Math anxiety

Math anxiety, a feeling of “tension and anxiety that interferes with the manipulation of numbers and the solving of mathematical problems in a wide variety of ordinary life and academic situations.” Math seems to be one of the most dreaded subjects in school. Calculus, statistics, algebra, geometry, where does it end? Filled with formulas and shapes, it would scare any sane person. In some way they all can be applied to everyday life although it may not seem to have any relevance while we sit and find the tangent or slope of a line. Math anxiety has become an increasing problem that many professors are beginning to face in the classroom.
What exactly is anxiety? Anxiety is a disorder that effects the way we think and behave, ranging from mild to more severe cases that can be very weakening to one’s mental state. Some may experience occasional anxiety which is expected in life such as being nervous for a test or making a tough decision, but anxiety disorders are far more complex than a temporary feeling of being nervous. Anxiety disorders are not easy to get rid of and may actually intensify as time progresses. The symptoms of anxiety can interfere with school, work and even one’s personal life.
The anxiety that comes along with math has become more noticeable in what one would call the “nontraditional” student, someone over the age of 25, does not enter postsecondary enrollment in the same year that he or she completed high school, has dependents other than a spouse, is a single parent and many characteristics that would identify someone as a nontraditional college student. If the stress of everyday life isn’t enough, math anxiety only adds onto that making it much harder for adults to succeed in their classes. Math anxiety causes adults to lose confidence in themselves and their abilities, makes them nervous about tests and failure, causing a big problem when it comes to math or anything that may deal with numbers. This anxiety may cause students to “freeze up” during tests, and even memory loss. I am sure many students can relate to a time where they took a test and all of the information they thought they knew disappeared, which is a symptom of anxiety that plagues many students. If a student experiences these symptoms, somewhat of a cycle can begin, leading to more bad experiences with math.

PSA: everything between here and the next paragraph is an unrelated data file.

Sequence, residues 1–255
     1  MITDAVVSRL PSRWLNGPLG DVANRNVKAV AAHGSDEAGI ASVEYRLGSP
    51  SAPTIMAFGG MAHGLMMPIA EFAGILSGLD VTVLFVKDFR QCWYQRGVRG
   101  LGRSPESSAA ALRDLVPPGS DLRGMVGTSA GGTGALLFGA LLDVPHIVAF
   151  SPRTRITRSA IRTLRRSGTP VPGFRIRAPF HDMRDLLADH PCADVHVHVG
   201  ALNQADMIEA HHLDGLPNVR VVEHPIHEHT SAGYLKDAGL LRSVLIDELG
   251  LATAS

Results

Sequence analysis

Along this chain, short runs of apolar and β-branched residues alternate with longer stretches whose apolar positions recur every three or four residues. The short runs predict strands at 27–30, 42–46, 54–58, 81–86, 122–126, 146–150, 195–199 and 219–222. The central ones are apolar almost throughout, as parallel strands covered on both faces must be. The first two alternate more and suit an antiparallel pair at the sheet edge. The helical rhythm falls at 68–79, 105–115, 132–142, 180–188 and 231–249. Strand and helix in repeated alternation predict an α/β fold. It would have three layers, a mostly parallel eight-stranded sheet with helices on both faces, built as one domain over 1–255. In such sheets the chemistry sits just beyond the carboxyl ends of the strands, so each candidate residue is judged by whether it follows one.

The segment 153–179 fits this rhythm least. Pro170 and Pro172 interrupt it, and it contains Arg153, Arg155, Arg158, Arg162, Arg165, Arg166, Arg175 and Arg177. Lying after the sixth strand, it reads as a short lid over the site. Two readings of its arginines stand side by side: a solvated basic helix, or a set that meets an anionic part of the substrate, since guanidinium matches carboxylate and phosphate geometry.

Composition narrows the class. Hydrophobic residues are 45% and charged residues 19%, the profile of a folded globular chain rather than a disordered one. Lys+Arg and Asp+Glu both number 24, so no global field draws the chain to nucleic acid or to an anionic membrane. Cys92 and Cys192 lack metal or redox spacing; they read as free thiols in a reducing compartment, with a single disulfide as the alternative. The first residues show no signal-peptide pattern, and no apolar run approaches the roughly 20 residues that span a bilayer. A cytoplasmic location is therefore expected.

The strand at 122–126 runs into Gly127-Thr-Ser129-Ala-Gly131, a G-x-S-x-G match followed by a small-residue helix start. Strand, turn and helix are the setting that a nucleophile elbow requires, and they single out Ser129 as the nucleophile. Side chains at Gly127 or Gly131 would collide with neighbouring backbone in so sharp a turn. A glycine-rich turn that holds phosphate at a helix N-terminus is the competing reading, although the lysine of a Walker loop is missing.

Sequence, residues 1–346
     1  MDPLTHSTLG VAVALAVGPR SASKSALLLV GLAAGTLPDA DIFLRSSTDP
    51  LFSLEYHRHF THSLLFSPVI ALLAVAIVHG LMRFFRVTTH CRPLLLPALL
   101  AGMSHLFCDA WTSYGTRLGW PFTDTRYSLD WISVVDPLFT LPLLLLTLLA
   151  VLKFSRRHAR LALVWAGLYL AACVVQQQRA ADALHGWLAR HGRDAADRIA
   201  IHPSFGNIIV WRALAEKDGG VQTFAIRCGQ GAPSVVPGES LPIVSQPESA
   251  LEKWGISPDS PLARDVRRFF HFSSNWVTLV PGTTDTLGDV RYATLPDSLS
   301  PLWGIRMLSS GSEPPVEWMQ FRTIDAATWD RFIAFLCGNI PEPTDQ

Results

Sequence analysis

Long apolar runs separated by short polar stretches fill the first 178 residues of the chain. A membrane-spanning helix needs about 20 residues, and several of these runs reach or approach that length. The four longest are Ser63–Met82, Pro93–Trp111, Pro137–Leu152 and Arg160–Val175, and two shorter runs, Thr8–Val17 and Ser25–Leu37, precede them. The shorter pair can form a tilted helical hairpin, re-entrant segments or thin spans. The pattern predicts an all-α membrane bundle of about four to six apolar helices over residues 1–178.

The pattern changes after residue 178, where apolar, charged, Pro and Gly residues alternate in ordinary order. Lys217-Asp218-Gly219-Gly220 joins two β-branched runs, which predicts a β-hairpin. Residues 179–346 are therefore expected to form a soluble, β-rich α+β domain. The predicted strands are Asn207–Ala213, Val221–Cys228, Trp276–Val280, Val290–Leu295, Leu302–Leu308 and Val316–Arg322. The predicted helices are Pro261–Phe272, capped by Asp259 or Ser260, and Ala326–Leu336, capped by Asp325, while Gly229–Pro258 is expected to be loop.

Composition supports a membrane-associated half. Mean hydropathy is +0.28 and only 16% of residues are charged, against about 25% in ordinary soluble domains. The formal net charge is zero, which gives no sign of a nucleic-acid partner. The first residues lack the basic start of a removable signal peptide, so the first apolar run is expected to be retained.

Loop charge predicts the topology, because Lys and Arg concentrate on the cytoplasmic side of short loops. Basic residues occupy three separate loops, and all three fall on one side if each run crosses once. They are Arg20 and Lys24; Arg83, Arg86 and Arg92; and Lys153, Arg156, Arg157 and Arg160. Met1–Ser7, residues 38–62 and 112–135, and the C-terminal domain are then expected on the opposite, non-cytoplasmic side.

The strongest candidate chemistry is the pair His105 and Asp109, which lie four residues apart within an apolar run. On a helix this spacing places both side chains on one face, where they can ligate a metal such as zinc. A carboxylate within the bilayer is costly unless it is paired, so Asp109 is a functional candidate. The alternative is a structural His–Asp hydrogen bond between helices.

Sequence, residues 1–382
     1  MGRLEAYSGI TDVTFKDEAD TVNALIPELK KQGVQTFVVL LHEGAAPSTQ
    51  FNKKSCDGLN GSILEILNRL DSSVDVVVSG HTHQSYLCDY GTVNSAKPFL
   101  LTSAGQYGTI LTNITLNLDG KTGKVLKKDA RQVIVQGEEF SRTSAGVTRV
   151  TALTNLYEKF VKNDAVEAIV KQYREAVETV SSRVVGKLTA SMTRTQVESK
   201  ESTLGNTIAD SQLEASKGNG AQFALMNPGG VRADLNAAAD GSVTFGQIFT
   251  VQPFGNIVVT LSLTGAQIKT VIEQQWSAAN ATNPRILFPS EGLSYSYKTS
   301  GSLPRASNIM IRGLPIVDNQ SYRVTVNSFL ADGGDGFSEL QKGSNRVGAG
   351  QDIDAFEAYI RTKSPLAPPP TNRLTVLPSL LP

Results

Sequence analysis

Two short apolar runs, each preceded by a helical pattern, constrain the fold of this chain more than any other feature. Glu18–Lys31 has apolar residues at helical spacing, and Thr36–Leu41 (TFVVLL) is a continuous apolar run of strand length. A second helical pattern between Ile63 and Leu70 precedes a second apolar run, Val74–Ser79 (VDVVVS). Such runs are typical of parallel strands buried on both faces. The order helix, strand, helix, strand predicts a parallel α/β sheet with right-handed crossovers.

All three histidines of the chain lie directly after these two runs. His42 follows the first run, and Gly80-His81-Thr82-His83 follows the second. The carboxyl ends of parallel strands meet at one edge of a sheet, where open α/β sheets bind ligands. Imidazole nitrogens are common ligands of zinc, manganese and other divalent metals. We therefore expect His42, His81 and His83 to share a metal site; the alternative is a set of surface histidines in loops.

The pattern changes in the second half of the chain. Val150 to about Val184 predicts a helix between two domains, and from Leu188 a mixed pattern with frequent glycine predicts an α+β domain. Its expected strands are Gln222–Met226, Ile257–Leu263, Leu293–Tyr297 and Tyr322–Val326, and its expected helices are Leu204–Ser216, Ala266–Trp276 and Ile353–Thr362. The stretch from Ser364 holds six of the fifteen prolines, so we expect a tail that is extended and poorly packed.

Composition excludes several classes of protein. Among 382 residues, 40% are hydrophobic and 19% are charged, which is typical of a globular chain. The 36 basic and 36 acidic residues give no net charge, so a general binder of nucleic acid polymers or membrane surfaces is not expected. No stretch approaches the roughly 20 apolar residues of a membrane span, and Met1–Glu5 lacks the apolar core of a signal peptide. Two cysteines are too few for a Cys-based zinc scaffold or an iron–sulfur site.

Mathematics is a vital source of knowledge for students to have; according to a Frances Rosamond of National University, starting salaries went up $2000 per year for every math class taken after ninth grade. As society progresses we see more implementations of math in various aspects of life, as well as other school subjects such as biology, chemistry, and advertising, and research in newsrooms (weber.edu) As much as the tons of students who may want to avoid classes, they in face might be hindering themselves greatly. A consequence of avoiding these classes is that in comparison with those who do not experience math anxiety, students who experience this anxiety shower lower levels of achievement because they are exposed to less math in school and learn even less of the little amount of math they do take. These students also tend to show lower scores of understanding which are measure by standardized tests. This can be mistaken by an increase in their math anxiety when in fact, their low performance is just evidence of their lack of competence of the subject (mark H ashcraft).